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Sunday, February 9, 2014

First Hugelkultur Bed - 2012

Above-Ground Hugelkultur
~ the traditional way ~

In January 2012, I was feeling the ache for spring, and there was very little snow on the ground. I set off around the 20 acre property looking for dead and down wood that I could scavenge. I found lots of dead Saskatoon bushes (a.k.a Serviceberry) from a fire that burned through here several years ago. I also found plenty of pine that had been laying around for a long time. Above you see the start of my first ever Hugelkultur pile. 

Why wood? I had just finished reading "Gaia's Garden" by Toby Hemenway and Sepp Holzer's Permaculture book, which had filled me to the brim with great ideas to try. Our soil tends to be highly compacted with no organic matter, lots of rocks, and locally goes by the term, "moondust." So the idea of growing food in rotting wood really appealed to me. As the wood breaks down, it provides three main functions:
  1. Water retention -- the plant roots sneak down into the wood and soak up water
  2. Air availability -- air pockets form as the wood decomposes = self-tilling
  3. Warmth -- decomposition generates heat, extending the growing season

Just wood? No. As you would suspect, you need nitrogen too. Kitchen scraps, manure, grass clippings, spent grains from brewing -- whatever you can drum up for nitrogen should be added in. The great thing about hugelkultur is that there isn't a set recipe. Using what ingredients can be found, you improvise as you go along, and see what happens.

In the above picture, you can see a layer of leaves, as well as some darker wood that has been partially burned (biochar, but that's a topic for another day). The green pine needles are just decorations added by my daughter as part of our "Pineville" game, and are not recommended for hugelkultur due to the high amount of resins that can be allelopathic, inhibiting plant growth. Pine in general is not known for being a great hugelkultur wood, but if it is partly rotten, I find it works great. The main thing is to use what you have available to you, and be willing to experiment. 

In this photo, spring is well on its way, and I've added some soil as an outside layer to the hugelkultur pile. I've also transplanted some wheatgrass onto it, from indoors where it was growing in my windowsill (I'd already eaten all the wheatgrass I wanted from it). 

Here you can see a layer of pine needle mulch over the whole pile, and the wheat grass is taking off. The mulch is important to help keep moisture and heat in, and to protect the soil from the elements. You want your pile to be tall and steep, up to 6 feet tall and as steep as you can reasonably keep the sides. This pile had shrunk to half its original height by the end of the first growing season.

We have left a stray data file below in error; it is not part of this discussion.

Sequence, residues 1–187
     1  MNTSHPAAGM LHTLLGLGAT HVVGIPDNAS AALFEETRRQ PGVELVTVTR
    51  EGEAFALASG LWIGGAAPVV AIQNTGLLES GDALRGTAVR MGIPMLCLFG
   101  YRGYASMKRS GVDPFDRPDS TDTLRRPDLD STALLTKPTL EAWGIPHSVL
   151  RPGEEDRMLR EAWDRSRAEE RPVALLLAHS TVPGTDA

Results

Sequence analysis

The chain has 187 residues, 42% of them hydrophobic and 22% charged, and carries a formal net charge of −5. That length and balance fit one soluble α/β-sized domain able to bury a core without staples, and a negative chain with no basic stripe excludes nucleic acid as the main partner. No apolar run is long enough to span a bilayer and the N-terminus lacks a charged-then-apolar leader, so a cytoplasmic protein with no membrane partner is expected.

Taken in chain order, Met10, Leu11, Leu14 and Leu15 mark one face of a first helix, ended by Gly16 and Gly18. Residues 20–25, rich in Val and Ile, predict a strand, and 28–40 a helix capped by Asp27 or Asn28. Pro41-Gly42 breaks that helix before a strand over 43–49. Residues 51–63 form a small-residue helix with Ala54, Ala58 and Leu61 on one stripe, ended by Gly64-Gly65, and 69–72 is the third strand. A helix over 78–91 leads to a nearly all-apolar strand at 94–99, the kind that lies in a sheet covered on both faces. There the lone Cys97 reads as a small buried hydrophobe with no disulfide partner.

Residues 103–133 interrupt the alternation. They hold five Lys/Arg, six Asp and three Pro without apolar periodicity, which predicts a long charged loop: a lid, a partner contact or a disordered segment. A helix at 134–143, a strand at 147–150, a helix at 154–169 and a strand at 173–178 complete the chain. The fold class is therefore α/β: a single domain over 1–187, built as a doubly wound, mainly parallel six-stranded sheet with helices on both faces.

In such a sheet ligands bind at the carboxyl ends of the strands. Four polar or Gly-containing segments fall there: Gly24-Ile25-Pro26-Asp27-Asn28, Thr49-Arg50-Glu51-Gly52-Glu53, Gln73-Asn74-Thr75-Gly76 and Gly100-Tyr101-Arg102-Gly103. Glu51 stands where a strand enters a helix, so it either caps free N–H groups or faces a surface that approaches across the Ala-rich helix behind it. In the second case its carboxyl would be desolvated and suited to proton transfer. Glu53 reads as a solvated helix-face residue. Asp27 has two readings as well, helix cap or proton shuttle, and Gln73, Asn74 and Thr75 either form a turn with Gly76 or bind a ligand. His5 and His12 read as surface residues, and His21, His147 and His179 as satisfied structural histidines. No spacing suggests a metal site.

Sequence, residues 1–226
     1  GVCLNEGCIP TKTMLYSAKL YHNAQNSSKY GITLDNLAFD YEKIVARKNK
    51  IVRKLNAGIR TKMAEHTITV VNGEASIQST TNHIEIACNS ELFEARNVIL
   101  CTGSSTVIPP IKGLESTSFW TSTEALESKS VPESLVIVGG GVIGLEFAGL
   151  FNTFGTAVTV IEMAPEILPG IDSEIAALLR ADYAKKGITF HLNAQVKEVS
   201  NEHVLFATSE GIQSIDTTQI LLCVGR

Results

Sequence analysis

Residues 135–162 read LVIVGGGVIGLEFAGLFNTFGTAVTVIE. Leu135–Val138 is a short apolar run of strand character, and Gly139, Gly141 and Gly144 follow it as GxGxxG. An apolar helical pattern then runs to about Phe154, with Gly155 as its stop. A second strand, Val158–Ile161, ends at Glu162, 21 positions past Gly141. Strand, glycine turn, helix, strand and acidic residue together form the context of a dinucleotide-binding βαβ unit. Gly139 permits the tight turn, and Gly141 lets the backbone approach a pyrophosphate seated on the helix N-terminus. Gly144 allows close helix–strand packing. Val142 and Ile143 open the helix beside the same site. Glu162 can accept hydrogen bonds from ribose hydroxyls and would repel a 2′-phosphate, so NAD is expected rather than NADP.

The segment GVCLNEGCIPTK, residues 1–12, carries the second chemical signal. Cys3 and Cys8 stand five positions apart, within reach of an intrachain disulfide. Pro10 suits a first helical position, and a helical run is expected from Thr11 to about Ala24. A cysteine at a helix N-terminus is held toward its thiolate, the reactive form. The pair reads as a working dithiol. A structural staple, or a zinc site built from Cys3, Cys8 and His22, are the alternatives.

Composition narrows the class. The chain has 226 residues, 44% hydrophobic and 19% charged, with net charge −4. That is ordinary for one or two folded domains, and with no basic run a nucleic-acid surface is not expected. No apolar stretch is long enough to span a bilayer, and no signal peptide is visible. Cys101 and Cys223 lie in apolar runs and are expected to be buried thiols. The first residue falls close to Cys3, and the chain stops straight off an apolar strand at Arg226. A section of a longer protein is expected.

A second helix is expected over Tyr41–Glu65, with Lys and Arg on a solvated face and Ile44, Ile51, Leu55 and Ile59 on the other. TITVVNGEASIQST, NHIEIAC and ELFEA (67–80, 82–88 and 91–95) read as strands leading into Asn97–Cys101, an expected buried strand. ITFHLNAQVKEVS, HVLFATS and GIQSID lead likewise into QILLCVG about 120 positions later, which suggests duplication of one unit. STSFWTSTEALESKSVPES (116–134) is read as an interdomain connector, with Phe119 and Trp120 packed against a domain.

One fun part is deciding how to angle your bed. If you face one long side to the southwest, you can have a hot side and a cool side for tomatoes/peppers and for greens, respectively, making your own little microclimate.

As the animals began to take interest in my little hugel garden bed, I started erecting sticks with the plan to put up fabric walls around it for protection.

This pile was made mainly from small diameter wood and had lots of interstitial spaces between the limbs. This contributed to how much it shrank over the growing season. You can use large diameter wood too, I just didn't happen to have any at that point.

I like using old sheets, linens, etc. as fences for extra warmth and so the animals don't notice the green growth as much. On this day, my daughter was harvesting some wheat with scissors, and I was putting up some sheets. They look pretty junky, but they work. 

The red cabbage is going gonzo by this point, whereas the plants from the same source that I put in the ground were wimpy and struggling.

Radishes also loved this hugel bed. There were also large tomato plants, butternut squash plants, and onions, all growing on this one bed. Everything thrived.

This is one of two red cabbages that grew on my first hugelkulur bed. Both did very well growing in rotting wood. On the other hand, the other two from the same set of starts were a sorry sight, which I had planted in my regular in-ground garden bed. Neither even formed a head. Yeah, hugelkultur!

That was the growing season of 2012. In November 2012, I began incorporating all of my above-ground hugel beds into a large scale below-ground rotting wood project, which will be the focus of this blog as time goes by.

Have you tried growing food in rotting wood?


  1. the blog is great and makes me wish spring would hurry up and get here!


  2. Jani, I'm feeling that way right now, almost a year later! LOL... I sense a pattern...


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